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The Road to Code
Use Uncertainty As a Driver
by Kevlin Henney
May 15, 2013
Summary
Uncertainty is normally seen as something you must either suppress or avoid. Of this many people appear, well, certain. That you should embrace it and use it to help determine schedule and design is not immediately obvious.

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Confronted with two options, most people think that the most important thing to do is to make a choice between them. In design (software or otherwise), it is not. The presence of two options is an indicator that you need to consider uncertainty in the design. Use the uncertainty as a driver to determine where you can defer commitment to details and where you can partition and abstract to reduce the significance of design decisions. If you hardwire the first thing that comes to mind, you're more likely to be stuck with it, so that incidental decisions become significant and the softness of the software is reduced.

One of the simplest and most constructive definitions of architecture comes from Grady Booch: "All architecture is design but not all design is architecture. Architecture represents the significant design decisions that shape a system, where significant is measured by cost of change." What follows from this is that an effective architecture is one that generally reduces the significance of design decisions. An ineffective architecture will amplify significance.

When a design decision can reasonably go one of two ways, an architect needs to take a step back. Instead of trying to decide between options A and B, the question becomes "How do I design so that the choice between A and B is less significant?" The most interesting thing is not actually the choice between A and B, but the fact that there is a choice between A and B (and that the appropriate choice is not necessarily obvious or stable).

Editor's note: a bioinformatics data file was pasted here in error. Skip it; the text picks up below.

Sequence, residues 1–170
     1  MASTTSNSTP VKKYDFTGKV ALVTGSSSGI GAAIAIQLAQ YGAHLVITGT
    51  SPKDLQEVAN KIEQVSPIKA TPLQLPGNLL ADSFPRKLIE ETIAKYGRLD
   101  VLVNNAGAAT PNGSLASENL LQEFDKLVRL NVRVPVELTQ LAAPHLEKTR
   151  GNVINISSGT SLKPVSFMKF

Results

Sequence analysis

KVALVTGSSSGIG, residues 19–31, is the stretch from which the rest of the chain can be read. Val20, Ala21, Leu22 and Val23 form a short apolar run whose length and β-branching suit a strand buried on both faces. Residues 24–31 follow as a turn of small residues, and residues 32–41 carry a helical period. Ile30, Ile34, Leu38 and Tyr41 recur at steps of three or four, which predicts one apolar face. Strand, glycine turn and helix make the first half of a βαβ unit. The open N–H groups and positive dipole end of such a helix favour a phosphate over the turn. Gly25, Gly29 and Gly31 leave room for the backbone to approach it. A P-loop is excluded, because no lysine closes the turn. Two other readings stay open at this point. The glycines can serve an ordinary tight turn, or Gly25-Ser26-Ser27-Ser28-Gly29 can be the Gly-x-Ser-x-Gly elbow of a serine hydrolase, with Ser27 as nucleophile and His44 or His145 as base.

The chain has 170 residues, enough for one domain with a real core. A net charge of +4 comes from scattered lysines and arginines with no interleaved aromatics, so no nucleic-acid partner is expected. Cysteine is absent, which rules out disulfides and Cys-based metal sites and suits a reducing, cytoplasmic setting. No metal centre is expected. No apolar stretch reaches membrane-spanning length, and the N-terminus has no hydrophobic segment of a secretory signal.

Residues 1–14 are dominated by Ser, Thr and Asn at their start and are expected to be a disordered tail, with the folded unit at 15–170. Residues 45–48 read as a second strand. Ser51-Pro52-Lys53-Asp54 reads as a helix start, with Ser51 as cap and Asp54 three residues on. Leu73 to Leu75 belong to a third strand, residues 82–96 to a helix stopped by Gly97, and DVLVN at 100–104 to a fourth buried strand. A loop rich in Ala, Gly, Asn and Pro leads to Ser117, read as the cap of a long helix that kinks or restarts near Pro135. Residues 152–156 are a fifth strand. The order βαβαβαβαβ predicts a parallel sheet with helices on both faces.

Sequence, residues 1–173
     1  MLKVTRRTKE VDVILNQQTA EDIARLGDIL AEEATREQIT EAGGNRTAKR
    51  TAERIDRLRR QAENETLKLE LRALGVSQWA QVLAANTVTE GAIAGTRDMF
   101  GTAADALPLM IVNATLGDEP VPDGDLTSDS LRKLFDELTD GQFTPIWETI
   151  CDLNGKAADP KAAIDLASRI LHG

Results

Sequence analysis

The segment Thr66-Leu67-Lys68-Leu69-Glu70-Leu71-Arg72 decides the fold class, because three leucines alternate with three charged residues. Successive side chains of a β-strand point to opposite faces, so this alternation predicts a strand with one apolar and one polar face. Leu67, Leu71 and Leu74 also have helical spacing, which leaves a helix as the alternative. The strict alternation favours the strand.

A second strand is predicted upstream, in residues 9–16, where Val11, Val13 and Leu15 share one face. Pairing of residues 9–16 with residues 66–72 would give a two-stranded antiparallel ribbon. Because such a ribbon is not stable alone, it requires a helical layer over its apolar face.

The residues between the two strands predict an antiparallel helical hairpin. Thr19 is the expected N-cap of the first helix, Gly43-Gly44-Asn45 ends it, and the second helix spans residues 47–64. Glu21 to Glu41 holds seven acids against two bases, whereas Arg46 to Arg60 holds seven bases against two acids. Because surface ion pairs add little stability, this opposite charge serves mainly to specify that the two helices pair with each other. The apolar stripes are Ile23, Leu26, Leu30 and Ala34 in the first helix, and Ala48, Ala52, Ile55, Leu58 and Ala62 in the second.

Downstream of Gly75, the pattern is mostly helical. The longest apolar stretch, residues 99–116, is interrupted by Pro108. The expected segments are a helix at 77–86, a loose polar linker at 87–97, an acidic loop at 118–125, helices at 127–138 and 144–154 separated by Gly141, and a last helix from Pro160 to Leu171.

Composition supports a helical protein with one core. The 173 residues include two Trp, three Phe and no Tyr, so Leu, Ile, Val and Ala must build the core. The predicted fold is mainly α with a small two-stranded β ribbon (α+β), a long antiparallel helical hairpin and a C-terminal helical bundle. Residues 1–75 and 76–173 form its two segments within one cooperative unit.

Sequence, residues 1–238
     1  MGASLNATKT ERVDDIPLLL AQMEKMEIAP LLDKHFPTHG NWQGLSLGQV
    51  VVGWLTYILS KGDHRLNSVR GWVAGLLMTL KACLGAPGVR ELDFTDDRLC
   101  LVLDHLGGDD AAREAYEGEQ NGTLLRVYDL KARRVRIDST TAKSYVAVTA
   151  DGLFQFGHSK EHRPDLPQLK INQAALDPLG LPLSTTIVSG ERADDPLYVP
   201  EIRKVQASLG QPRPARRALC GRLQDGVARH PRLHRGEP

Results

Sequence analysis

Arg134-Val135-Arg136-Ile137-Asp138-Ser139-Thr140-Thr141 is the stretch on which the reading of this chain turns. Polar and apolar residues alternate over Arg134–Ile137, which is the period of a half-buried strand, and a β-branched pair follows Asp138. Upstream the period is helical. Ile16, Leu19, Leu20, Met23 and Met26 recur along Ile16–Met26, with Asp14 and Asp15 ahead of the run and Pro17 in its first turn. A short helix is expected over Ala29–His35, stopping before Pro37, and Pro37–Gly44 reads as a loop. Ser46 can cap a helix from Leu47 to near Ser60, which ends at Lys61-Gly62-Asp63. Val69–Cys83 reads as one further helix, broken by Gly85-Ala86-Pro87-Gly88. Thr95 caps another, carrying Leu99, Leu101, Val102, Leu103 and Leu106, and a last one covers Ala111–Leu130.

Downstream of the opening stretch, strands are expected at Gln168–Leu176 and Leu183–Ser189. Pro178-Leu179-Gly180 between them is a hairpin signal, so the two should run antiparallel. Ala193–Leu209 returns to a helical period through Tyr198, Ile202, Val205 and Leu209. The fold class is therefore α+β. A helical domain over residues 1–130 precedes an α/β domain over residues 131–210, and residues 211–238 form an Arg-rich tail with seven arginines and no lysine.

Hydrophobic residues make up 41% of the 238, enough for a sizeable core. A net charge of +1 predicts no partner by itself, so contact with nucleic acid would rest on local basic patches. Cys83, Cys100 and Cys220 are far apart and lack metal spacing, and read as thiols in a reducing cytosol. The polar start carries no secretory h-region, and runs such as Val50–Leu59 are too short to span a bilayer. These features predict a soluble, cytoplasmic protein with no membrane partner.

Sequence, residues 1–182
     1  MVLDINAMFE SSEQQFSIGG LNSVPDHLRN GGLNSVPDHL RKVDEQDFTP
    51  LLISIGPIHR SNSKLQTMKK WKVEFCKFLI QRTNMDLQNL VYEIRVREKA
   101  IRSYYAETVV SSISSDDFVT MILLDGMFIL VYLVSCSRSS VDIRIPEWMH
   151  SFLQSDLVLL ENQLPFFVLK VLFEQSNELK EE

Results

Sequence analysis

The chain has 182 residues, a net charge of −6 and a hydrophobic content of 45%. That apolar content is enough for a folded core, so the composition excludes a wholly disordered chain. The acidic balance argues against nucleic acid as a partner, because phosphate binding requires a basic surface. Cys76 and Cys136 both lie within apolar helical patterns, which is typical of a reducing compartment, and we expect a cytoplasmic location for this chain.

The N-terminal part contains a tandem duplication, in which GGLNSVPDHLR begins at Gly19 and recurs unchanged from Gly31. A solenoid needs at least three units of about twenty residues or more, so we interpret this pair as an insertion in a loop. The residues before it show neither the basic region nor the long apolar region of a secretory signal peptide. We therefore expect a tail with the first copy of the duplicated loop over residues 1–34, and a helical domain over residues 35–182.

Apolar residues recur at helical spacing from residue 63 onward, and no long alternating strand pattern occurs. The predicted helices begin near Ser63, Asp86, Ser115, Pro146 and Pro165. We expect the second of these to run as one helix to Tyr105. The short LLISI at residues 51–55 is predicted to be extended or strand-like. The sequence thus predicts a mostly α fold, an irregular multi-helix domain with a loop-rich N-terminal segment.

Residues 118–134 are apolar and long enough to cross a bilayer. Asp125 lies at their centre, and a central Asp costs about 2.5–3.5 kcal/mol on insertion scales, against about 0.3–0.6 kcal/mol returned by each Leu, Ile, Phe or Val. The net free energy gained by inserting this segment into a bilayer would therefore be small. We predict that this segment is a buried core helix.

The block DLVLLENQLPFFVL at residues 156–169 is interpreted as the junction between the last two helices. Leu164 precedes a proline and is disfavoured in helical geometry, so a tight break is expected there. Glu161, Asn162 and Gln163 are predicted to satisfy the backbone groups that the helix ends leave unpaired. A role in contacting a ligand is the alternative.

An architect may need to go in circles before becoming dizzy and recognizing the dichotomy. Standing at a whiteboard (energetically) debating options with a colleague? Umming and ahhing in front of some code, deadlocked over whether to try one implementation or another? When a new requirement or a clarification of a requirement has cast doubt on the wisdom of a current implementation, that's uncertainty. Respond by figuring out what separation or encapsulation would isolate that decision from the code that ultimately depends on it. Without this sensibility the alternative response is often rambling code that, like a nervous interviewee, babbles away trying to compensate for uncertainty with a multitude of speculative and general options. Or, where a response is made with arbitrary but unjustified confidence, a wrong turn is taken at speed and without looking back.

There is often pressure to make a decision for the decision's sake. This is where options thinking can help. Where there is uncertainty over different paths a system's development might take, make the decision not to make a decision. Defer the actual decision until a decision can be made more responsibly, based on actual knowledge, but not so late that it is not possible to take advantage of that knowledge.

Architecture and process are interwoven, which is a key reason that architects should favor development lifecycles and architectural approaches that are empirical and elicit feedback, using uncertainty constructively to divide up both the system and the schedule.



This article appeared in 97 Things Every Software Architect Should Know and is licensed under Creative Commons Attribution 3.0.

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About the Blogger

Kevlin is an independent consultant and trainer based in the UK. His development interests are in patterns, programming, practice and process. He has been a columnist for various magazines and web sites, including Better Software, The Register, Application Development Advisor, Java Report and the C/C++ Users Journal. Kevlin is co-author of A Pattern Language for Distributed Computing and On Patterns and Pattern Languages, two volumes in the Pattern-Oriented Software Architecture series. He is also editor of the 97 Things Every Programmer Should Know site and book.

This weblog entry is Copyright © 2013 Kevlin Henney. All rights reserved.

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